The Influence of Naproxen on Biological Factors in Leukocyte-Rich PRP: A Prospective Study

Jan 20

The Influence of Naproxen on Biological Factors in Leukocyte-Rich PRP: A Prospective Study

Chahla et al 2019 (NSAIDS)

Leukocyte-Rich Platelet-Rich Plasma (LR-PRP) consists of blood plasma with higher concentrations of platelets and leukocytes than typically available in a normal blood draw, and is commonly used to treat musculoskeletal injuries through regenerative processes in the body.  Oftentimes, concentrations of platelets and leukocytes are highly variable in a given therapeutic sample, as well as the methods of preparing that biological product and the demographic characteristics from which the blood sample was drawn. All these factors, and more, contribute to the outcomes observed in clinical settings.

In this published study, Chahla and colleagues seek to investigate the effects of a nonsteroidal anti-inflammatory drug (NSAID), Naproxen, on the healing process elicited by LR-PRP and if the amount of time necessary to “wash out” NSAIDs from the system is sufficient to restore the healing processes affected by NSAID use.   Researchers observed catabolic and anabolic biological factors in healthy subjects at three different timepoints: baseline, after 1 week of pharmacologic intervention, and after a 1 week washout period. These methods were used to evaluate and quantify the effects of NSAIDs on biological factors elicited in LR-PRP therapeutic models.  Biological factors of key interests included anabolic factors, such as Platelet-derived Growth Factors (PDGF), Fibroblast Growth Factor 2 (FGF-2), Vascularized Endothelial Growth Factor (VEGF), and catabolic factors, such as interleukin 1-beta (IL-1beta), IL-6, IL-8 and tumor necrosis factor-alpha (TNF-alpha).

From a total of 19 healthy volunteers, 15 subjects completed the study (7 women and 8 men).  Biological variability in LR-PRP was present between subjects at the onset of the study. Researchers identified a negative association between age and levels of FGF-2, IL-1beta, and TNF-alpha at baseline, and a negative association between BMI and levels of VEGF at baseline.  However, baseline variability between gender categories was unremarkable.

After 1 week of pharmacologic intervention with NSAIDs, Chahla and colleagues observed diminished levels of catabolic and anabolic factors in LR-PRP in healthy individuals.  Subsequently, anabolic factors PDGF-AA and PDGF-AB isoforms returned to normal levels along with catabolic factor IL-6 following a 1 week washout period, as recommended prior to surgical interventions. However, researchers did not observe significant changes in anabolic factors (VEGF and FGF-2) nor catabolic factors (IL-8, IL-1beta, and TNF-alpha) throughout the three distinct time points.  Therefore, Chahla and colleagues concluded that NSAID use may influence biological factors in LR-PRP, by which effects recover to near baseline after one week of discontinued use in a short-term intervention. Recommendations acknowledge the need for follow-up studies to evaluate the biological profiles in healthy subjects versus patients with a history of long-term NSAID use, by which “characterizing the biological profiles of PRP will allow a more targeted scientific approach to studying the mechanistic effects of PRP on various tissue types.”  This study is figuratively the tip of the iceberg as a conceptual basis for understanding the effects of NSAIDs on these biological profiles.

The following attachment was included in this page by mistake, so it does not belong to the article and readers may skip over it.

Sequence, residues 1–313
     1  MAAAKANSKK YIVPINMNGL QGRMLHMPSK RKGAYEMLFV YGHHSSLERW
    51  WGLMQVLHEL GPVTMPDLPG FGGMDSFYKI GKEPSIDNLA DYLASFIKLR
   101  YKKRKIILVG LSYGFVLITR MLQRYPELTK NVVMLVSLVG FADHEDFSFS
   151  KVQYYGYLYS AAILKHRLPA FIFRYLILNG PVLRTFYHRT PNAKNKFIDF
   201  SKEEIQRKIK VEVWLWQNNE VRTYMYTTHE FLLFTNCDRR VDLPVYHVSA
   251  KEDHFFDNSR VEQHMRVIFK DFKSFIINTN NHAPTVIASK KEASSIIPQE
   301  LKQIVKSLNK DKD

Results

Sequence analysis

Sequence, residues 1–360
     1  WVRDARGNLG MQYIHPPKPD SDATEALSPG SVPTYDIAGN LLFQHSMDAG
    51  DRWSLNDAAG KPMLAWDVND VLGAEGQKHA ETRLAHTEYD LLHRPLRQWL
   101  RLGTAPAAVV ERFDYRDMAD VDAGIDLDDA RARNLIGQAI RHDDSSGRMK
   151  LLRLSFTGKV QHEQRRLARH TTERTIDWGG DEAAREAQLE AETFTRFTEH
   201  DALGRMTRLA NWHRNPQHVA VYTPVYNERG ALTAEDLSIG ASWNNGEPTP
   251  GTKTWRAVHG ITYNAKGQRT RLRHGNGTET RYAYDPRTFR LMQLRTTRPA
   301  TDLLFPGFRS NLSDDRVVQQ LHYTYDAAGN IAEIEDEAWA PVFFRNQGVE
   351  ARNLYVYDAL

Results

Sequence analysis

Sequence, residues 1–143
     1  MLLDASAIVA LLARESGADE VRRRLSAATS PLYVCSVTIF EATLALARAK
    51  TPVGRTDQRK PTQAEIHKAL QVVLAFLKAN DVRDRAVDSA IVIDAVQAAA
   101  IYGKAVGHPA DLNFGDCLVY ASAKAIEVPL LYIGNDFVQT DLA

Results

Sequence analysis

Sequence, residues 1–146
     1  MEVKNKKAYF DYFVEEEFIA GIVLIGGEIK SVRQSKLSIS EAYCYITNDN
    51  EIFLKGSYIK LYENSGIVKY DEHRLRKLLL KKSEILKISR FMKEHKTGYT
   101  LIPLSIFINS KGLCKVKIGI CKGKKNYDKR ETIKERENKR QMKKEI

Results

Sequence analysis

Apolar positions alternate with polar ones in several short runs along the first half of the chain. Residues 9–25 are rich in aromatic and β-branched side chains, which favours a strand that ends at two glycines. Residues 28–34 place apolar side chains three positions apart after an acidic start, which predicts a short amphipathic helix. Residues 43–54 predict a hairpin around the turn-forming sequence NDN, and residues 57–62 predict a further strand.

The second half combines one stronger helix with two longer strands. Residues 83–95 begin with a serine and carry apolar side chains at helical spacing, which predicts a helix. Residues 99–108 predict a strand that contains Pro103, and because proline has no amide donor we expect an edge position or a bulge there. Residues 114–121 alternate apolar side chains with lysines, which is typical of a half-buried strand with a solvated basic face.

Congratulations to TOBI Faculty, Dr. Jorge Chahla and his team of researchers for getting published in the Journal of Arthroscopic and Related Surgery, and breaking the ice on such an insightful topic on the influences of NSAIDs on biological factors in LR-PRP, and ushering in evidence-based practices. Check out the full article at https://www.ncbi.nlm.nih.gov/pubmed/30472018

 

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